Historian, Niall Ferguson (A remain supporter) compares the Brexit negotiations to a contentious divorce. The EU’s insistence on agreement to an exit fee of €100 billion before any discussion of future trade agreements, Ferguson says, “is the equivalent of the spurned spouse demanding the family home, minus the mortgage, and refusing to discuss custody of the children until the deeds have been handed over.”

We were told we can not use the Galileo GPS system despite us having provide £1.4 billion for its development (1/5 of the total cost) and British companies were threatened to have their procurement contracts cancelled.

Threatening to ban the export to the UK of a legal contract for AZ vaccines; whilst also threatening to instigate a hard border in Ireland.

The EU continues to refuse to grant a long-term deal relating to the Financial Services industry, insisting on short-term equivalence procedures, which can be withdrawn with only 30 days’ notice. The price for a long-term deal, would be the UK have to accept EU regulatory control over the its economy and businesses  even though the UK already matches the EU’s regulations. What makes this situation worse is the inconsistency of the EU’s approach. Just a few days after Joe Biden was installed as the new US President, the EU granted the American Financial Services industry exactly what the UK has been asking for -full equivalence with no time limit with no binding commitments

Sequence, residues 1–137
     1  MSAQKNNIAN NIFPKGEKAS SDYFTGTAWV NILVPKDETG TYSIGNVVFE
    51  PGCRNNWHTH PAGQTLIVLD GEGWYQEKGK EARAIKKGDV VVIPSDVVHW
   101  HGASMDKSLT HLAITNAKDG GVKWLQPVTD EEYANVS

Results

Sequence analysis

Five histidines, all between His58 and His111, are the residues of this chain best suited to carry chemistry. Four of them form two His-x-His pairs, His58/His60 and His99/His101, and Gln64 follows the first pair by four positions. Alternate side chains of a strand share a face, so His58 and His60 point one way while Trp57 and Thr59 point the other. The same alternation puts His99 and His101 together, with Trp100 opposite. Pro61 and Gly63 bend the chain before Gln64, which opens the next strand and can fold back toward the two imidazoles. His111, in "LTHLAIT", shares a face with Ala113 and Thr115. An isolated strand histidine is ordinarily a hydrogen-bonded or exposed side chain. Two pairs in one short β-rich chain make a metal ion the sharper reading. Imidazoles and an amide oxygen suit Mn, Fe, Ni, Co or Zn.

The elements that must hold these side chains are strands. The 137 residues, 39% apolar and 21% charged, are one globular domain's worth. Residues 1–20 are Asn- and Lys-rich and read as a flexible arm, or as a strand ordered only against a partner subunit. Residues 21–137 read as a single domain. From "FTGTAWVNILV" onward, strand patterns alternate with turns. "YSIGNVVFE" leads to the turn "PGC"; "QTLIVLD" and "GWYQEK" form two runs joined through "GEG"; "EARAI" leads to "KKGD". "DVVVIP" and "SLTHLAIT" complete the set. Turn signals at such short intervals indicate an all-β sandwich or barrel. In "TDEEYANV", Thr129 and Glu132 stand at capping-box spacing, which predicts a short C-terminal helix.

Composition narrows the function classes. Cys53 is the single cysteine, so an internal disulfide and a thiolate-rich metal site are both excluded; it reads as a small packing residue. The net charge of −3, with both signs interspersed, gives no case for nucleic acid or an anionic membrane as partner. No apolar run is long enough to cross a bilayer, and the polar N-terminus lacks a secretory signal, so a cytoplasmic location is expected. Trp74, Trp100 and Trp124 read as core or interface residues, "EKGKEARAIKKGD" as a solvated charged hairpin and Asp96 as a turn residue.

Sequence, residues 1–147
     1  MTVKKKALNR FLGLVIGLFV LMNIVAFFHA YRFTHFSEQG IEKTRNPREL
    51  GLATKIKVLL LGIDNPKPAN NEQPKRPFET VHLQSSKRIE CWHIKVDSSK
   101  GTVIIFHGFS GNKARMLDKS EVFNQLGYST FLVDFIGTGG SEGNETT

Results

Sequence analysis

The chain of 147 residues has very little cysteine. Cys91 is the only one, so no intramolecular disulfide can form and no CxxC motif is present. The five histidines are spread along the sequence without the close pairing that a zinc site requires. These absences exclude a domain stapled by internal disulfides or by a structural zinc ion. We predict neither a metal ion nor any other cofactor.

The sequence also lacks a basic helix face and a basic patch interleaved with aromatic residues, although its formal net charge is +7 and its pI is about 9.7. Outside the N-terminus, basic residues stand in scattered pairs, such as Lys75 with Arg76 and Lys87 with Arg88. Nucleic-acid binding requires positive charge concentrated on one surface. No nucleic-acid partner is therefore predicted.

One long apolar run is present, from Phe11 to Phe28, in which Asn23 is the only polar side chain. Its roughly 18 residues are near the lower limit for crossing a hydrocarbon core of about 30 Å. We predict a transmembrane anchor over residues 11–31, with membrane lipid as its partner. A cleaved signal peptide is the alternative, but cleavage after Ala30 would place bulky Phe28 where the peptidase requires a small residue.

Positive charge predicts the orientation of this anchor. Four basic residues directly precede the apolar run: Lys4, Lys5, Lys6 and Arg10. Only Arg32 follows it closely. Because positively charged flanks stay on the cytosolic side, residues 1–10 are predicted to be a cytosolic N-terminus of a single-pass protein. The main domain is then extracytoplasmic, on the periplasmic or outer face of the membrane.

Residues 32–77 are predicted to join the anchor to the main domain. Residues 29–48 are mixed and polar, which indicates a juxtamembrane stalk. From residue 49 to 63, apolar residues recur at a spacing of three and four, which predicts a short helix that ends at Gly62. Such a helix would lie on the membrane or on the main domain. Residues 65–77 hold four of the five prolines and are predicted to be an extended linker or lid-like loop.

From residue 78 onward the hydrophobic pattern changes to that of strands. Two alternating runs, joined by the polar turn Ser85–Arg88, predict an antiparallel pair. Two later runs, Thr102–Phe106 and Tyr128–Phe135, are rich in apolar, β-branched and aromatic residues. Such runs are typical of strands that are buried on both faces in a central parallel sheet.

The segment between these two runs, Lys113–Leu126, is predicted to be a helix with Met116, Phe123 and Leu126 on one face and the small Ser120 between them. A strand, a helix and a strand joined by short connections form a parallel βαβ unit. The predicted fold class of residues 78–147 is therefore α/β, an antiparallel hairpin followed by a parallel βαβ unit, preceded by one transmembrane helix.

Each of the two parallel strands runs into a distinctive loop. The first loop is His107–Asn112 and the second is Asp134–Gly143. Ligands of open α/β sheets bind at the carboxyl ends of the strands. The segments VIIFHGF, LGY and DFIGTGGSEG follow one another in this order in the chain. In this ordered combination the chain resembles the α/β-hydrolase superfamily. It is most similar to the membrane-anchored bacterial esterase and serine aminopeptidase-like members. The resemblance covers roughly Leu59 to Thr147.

Deciding that UK shellfish , after living in clean, perfectly acceptable to the EU, waters for 50 years are suddenly deemed unsafe.
 
What’s with all these pansyfied epithets, you big tart?
Don’t forget the ‘cake and eat it’ question